A former Hong Kong district council chairman has been sentenced to seven months in prison for shouting insults at police during a protest.
Li Chi-wang, former head of the Sha Tin District Council, was convicted of “behaving in a noisy or disorderly manner in a public place” during a demonstration on May 24, 2020 in Wan Chai against the national anthem ordinance and the national security law which came into force a month later.
Li appeared before Magistrate Winnie Lau at the Eastern Magistrates’ Courts on Thursday for sentencing. He was convicted by Lau two weeks ago.
According to the Witness, the magistrate said the case was serious because many people discontented with the police were gathering at the scene, and public order could have been seriously jeopardised.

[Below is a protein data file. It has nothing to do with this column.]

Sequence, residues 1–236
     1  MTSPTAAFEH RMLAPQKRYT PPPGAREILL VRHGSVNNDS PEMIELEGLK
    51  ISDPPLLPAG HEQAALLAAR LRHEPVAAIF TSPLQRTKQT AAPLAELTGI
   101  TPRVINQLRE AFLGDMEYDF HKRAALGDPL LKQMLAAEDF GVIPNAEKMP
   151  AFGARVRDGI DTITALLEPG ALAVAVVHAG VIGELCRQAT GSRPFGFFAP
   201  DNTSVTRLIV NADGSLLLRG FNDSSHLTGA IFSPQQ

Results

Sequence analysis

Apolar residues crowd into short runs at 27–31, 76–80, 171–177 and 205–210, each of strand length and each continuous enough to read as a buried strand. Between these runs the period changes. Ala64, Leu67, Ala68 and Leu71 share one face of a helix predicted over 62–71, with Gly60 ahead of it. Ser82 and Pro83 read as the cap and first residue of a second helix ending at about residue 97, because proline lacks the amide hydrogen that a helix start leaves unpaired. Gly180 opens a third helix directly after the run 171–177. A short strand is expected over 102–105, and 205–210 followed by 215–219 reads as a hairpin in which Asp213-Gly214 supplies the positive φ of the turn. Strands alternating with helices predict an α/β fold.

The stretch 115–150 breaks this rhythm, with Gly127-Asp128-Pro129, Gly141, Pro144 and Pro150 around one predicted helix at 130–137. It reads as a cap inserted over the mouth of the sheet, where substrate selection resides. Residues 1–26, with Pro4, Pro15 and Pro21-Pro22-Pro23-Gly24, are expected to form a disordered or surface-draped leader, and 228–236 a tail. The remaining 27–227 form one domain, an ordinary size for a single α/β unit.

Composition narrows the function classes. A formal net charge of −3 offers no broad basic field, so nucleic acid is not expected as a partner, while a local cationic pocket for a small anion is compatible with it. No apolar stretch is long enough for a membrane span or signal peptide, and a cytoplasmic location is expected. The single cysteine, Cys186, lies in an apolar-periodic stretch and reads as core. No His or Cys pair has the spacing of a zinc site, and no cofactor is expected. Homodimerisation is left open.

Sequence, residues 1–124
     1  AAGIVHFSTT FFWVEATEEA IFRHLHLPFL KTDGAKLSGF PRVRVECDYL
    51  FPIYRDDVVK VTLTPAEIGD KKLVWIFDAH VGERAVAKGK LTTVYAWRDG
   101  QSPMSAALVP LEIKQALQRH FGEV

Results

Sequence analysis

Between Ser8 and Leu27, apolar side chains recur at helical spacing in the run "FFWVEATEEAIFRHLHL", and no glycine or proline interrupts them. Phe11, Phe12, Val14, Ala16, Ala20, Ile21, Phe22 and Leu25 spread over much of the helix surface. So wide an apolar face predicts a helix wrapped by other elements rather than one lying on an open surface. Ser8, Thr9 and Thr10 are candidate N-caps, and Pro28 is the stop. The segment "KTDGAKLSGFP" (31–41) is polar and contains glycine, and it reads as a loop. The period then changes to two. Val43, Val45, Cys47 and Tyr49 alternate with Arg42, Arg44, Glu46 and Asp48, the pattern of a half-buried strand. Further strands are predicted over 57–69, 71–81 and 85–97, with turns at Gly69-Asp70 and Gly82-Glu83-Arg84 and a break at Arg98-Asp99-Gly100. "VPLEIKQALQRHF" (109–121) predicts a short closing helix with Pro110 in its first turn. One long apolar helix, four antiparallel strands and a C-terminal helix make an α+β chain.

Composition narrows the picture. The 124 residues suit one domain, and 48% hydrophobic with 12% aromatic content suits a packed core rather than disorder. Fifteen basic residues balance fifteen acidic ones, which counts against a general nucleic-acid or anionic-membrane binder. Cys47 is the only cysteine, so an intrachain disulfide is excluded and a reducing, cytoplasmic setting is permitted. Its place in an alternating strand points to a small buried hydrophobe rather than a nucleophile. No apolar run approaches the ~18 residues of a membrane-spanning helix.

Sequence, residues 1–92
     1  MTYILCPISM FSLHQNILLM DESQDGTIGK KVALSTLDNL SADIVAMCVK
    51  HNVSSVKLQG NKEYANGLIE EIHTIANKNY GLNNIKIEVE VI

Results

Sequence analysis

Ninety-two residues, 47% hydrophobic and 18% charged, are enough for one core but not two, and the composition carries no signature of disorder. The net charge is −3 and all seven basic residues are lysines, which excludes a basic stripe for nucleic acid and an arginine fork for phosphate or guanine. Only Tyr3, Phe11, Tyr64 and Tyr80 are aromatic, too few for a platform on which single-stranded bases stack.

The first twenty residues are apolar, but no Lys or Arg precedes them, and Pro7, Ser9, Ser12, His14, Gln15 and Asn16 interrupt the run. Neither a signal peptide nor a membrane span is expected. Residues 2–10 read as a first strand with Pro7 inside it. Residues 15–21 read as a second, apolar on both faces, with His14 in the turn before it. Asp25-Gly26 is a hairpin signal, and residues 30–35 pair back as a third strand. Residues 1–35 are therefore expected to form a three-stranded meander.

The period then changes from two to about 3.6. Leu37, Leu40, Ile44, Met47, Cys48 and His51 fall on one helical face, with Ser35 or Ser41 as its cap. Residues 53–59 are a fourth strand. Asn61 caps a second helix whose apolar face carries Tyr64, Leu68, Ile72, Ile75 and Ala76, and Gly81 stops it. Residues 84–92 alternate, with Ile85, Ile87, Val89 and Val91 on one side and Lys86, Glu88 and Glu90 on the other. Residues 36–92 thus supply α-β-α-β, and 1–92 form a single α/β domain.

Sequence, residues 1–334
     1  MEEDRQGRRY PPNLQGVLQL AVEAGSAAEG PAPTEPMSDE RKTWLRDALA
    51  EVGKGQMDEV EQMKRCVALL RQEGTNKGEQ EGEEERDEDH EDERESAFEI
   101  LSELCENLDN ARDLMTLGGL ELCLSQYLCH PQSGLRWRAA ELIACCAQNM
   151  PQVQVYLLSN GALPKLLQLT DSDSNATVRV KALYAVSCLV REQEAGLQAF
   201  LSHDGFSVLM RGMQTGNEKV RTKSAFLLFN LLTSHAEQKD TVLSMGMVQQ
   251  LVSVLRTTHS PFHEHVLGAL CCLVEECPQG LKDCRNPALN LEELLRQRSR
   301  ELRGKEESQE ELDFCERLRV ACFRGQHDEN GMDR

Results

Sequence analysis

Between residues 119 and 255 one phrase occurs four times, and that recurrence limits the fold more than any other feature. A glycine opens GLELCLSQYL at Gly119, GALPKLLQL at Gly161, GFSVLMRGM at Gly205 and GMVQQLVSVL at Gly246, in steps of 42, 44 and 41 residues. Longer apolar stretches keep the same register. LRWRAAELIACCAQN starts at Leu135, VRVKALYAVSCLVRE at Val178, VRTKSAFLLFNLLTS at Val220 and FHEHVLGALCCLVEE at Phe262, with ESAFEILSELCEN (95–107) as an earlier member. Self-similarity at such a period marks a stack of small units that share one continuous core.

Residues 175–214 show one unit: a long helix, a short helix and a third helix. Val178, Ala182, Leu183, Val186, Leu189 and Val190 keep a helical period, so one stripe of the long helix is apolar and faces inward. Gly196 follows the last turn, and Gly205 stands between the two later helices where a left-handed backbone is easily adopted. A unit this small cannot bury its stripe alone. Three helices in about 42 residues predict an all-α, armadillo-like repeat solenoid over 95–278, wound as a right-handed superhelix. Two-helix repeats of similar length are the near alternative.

Lau also said when she convicted Li that his actions were “inciting, insulting, and provocative” and a clear challenge to law enforcement, the Witness reported.
Prosecutors said Li gathered with other people on Hennessy Road in Wan Chai when police told the crowd to get back on the pavement. Li sat down suddenly. He shouted at a police officer and said he had been pushed to the ground by police.
Around half an hour later, Li barged out of a group of people and again shouted at officers, saying “The police are all rubbish.” The former district councillor was arrested after refusing to move into a cordoned-off area, saying he was fulfilling his duties as a councillor by monitoring police operations.
Li’s lawyer submitted letters from other district councillors citing his volunteer service to the community.
Lau ruled that Li’s actions “constituted an actual immediate risk” to public safety. She sentenced him to seven months in prison after applying a one-month deduction considering his public service and the fact that it was his first offence.
The magistrate also rejected the defence’s application for bail pending appeal.